Books, Top Five

The 5 Books I Read in 2019 that I’m Still Thinking About

Over the years, this blog has been everything from a way to share pictures to an almost-travel blog where I write about the places I go to but not nearly in the professional way more specified travel bloggers do.  So, in keeping with my theme of writing whatever I want, I’m adding in books because, as anyone who knows me knows, I read every spare second I can.  As in, the total number of books that I read in 2019 was (wait for it)…97!

Which is a LOT!

So, I want to talk about some of those books – particularly the ones that I still think of every other day.  I’m going to talk in a bit of detail about my top five, but I’m also going to include some honorable mentions because these were hard to choose.  First though, a note: These are not necessarily books that were published in 2019 but just books that I read for the first time in 2019.  Also, it was really hard to put these in order since I already had to choose 5/97  books to talk about, but I tried (and I also did some heavy editing after initially writing five paragraph essays on each of these and realizing my word count was a bit extreme).


The books I’ve chosen are also all very different; I read from a lot of genres.  However, in all of these books, there was something that struck me as relevant to today’s world or to my life.  I think if there is any sort of a common thread between these books, it is that they are all about knowing ourselves as humans and learning to live better because of that.  Maybe someone else will have a different interpretation, but that is the grandiose ideal that I took away from these.

So, without further ado…


5. Becoming by Michelle Obama

This book got a lot of press and with good reason.  First of all, yes, Michelle Obama is rather famous, and people like reading about the lives of famous people and learning the inside scoop on things like what it’s like to live at the White House.  But also, this book, to me, is a really wonderful exploration of life in the modern US and how race, class, and gender interact in our day-to-day lives.

Yes, it’s fun to read about Ms. Obama’s life, but this is also just a wonderfully inspiring story that really carries ideas of hope and justice into the future.  She talks about the idea of “becoming” as something the evolves over a lifetime.  You never stop growing up because you continually have new experiences to learn from.  I couldn’t pick just one quote, so here are two of my favorites:

“If you don’t get out there and define yourself, you’ll be quickly and inaccurately defined by others.”

“Do we settle for the world as it is, or do we work for the world as it should be?”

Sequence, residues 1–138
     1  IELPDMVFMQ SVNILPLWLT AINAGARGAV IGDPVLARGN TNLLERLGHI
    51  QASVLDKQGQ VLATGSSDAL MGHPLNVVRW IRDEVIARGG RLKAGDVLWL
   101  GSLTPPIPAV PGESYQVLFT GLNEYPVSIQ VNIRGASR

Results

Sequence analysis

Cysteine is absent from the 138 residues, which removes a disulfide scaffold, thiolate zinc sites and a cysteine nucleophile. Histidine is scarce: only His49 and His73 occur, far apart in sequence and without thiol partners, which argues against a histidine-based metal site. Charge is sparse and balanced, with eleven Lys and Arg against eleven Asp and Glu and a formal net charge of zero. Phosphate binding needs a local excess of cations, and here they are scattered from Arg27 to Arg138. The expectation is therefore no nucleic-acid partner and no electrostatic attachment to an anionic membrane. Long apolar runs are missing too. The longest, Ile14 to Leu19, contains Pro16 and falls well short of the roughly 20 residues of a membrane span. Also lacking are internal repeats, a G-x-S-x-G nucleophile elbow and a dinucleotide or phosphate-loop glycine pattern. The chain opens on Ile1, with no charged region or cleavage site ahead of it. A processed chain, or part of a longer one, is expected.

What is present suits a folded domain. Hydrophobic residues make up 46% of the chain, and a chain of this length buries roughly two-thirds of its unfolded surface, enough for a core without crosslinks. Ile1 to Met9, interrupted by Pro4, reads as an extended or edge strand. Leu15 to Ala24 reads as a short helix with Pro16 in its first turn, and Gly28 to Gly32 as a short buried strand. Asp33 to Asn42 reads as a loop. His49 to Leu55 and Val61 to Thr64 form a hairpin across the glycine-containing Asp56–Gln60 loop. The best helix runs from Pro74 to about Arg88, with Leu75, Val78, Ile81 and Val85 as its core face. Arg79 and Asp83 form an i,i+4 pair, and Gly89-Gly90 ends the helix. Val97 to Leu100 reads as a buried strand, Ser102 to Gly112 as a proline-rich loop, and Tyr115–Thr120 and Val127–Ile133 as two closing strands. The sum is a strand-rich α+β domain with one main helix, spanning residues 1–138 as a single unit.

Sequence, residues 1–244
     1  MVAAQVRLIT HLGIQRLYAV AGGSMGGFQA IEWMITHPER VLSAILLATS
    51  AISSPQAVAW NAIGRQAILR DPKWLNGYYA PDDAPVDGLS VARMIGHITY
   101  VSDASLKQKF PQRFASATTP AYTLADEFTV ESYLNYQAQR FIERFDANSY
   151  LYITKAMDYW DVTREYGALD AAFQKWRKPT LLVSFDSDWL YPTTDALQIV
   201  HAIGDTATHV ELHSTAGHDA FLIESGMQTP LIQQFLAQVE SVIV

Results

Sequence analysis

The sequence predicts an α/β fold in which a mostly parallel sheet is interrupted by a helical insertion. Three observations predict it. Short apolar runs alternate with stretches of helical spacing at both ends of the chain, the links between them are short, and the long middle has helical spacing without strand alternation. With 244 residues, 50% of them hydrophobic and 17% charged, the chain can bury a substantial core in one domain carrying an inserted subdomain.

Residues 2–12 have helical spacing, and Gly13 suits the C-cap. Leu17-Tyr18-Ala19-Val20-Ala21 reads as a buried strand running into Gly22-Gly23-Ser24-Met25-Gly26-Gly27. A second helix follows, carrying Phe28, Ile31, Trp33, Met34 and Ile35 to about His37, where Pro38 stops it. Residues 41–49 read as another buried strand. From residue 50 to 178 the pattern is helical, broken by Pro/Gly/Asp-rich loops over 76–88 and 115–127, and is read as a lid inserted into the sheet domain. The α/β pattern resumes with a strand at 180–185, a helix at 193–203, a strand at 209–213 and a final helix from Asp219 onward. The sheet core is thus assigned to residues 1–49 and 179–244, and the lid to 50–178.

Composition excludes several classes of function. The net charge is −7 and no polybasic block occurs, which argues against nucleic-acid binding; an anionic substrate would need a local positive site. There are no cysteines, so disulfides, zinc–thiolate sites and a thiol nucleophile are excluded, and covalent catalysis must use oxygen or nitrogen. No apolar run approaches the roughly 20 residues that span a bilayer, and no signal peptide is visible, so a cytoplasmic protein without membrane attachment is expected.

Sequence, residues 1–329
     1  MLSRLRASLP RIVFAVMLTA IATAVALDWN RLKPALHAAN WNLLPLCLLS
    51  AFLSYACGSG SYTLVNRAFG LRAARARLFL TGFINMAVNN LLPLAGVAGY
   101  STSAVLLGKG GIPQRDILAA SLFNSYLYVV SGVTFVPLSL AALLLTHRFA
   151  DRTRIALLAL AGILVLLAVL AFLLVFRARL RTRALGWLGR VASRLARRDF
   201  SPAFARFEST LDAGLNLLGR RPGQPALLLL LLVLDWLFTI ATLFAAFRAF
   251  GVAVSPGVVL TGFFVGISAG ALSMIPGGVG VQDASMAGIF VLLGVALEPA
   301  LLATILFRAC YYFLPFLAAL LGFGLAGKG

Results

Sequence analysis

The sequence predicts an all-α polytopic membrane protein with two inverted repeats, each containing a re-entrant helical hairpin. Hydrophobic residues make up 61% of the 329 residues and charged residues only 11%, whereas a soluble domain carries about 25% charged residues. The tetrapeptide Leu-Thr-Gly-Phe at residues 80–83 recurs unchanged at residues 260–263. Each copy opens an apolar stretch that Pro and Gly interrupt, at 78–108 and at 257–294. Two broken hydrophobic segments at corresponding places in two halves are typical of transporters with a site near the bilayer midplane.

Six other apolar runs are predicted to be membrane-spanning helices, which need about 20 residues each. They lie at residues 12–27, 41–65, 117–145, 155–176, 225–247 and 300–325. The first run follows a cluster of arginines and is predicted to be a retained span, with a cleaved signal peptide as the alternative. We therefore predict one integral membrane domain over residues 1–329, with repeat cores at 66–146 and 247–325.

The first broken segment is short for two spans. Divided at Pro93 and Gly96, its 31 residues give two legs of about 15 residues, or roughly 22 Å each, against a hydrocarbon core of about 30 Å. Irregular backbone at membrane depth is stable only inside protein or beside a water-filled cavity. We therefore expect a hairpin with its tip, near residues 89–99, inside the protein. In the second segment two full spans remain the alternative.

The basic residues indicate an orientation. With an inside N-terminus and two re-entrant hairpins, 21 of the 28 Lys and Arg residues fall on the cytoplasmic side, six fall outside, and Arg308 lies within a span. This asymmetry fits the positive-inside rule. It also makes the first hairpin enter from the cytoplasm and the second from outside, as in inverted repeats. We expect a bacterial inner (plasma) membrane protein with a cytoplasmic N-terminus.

4. Contact by Carl Sagan

This was the only sci-fi book that I put on this final list, but it was a tough decision because I read some excellent science fiction this year (see the Honorable Mentions for a few other top choices).   Contact is a classic though, and just like books by Dickens or Fitzgerald, there’s a reason why it’s still read and loved today (though Sagan was a bit more recent than either of those authors).

Besides the fun, intriguing story at the heart of the novel (MUCH better than the movie, by the way, though the movie was pretty good), what stuck out to me in Contact was Sagan’s discussions of things like religion, science, and what it means to be human.

Despite all the wonderful quotes and fascinating discussions, I think if I had to choose a favorite line, it would probably be:

She had studied the universe all her life, but had overlooked its clearest message: For small creatures such as we the vastness is bearable only through love.”


3. The Water Dancer by Ta-Nehisi Coates

And now we jump ahead a few years to a book that came out in 2019.  I love Ta-Nehisi Coates, and his work always inspires me to think more deeply about the world, so I was really excited for his first novel.  It did not disappoint!

The Water Dancer is set in pre-Civil War America and is really a sort of coming-of-age novel that explores in excellent detail and with wonderful care the complexities of life both then and now.  For example, if you are doing something “for the greater good” is it okay if good people get hurt?  Who gets to decide which people are worth helping?  If you disagree with the actions of those fighting for “the greater good,” are you in the wrong?  The book deals with race in particular and confronts head on the real, often terrible, history of the United States.